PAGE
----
Dopamine beta-hydroxylase

Norepinephrine (NE) is a neurotransmitter with essential roles in both the central and peripheral nervous systems. Dopamine beta-hydroxylase (DβH, dopamine β-monooxygenase; EC is an enzyme required to synthesize NE from dopamine (DA) in noradrenergic cells of the locus coeruleus (LC) and post ganglionic sympathetic fibers, as well as in adrenal medulla chromaffin cells and epinephrine neurons. NE interacts with three major types of receptors each with different subtypes α1-like (α1a, b, d), α2-like(α2a, b, c, d) and β-like (β1−3). Human DβH has four domains: one Dopamine Beta-Monooxygenase Nterminal (DOMON) domain, two copper catalytic cores, and a tetramerization domain. The DβH promoter contains numerous regulatory elements, with the most well-studied being a glucocorticoid transcription enhancer and a cyclic AMP (cAMP) response element (CRE) that overlaps an AP1 site in the gene promoter (at position - 184bp relative to the transcription start site).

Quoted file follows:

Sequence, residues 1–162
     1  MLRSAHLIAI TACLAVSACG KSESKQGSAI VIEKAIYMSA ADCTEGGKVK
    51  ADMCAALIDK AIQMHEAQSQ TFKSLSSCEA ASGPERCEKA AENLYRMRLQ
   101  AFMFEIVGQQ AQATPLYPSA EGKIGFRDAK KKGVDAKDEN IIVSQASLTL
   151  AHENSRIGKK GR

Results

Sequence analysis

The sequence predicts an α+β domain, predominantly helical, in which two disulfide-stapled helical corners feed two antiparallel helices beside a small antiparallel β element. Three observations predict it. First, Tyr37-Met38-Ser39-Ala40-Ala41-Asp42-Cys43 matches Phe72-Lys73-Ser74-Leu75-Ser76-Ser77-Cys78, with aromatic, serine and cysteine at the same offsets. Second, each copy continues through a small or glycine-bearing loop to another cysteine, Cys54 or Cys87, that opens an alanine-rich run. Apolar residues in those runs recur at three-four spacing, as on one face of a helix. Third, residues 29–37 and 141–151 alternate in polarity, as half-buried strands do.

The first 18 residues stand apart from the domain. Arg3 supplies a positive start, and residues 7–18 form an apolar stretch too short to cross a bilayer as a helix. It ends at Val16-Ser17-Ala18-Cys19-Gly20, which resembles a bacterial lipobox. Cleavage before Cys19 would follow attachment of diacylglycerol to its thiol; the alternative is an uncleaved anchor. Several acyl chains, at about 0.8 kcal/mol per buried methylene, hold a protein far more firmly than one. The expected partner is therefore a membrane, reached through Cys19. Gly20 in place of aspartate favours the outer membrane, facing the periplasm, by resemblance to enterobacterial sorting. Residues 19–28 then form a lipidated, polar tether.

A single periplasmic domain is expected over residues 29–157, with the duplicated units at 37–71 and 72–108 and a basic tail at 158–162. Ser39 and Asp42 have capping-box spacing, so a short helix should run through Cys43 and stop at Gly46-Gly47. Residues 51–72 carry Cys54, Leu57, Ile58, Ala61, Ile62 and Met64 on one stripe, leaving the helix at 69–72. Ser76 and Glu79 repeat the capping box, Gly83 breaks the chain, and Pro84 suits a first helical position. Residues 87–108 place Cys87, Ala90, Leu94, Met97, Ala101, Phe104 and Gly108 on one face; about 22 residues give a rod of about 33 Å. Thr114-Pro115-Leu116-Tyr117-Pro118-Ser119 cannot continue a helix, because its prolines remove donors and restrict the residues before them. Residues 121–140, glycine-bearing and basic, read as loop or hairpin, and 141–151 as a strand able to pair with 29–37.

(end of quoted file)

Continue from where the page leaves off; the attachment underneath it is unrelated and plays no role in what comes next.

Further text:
Other regulators include SP1, Phox2a/Arix, Egr1, three homeodomains, AP2 and AP4. The three homeobox motifs can bind Phox2a/Arix, which is vital for cell-specific DβH gene expression. The overlapping CRE/AP1 motif can bind CREB and also AP1 family members. The transcription factor early growth response protein 1 (Egr1) also inhibits DβH expression. With such a complex regulatory promoter in the DβH gene, novel variants in the promoter region of the gene may have a dramatic and widespread effect on noradrenergic signaling.


1.Gonzalez-Lopez E,et al. J Neurochem. 2019 Oct 15.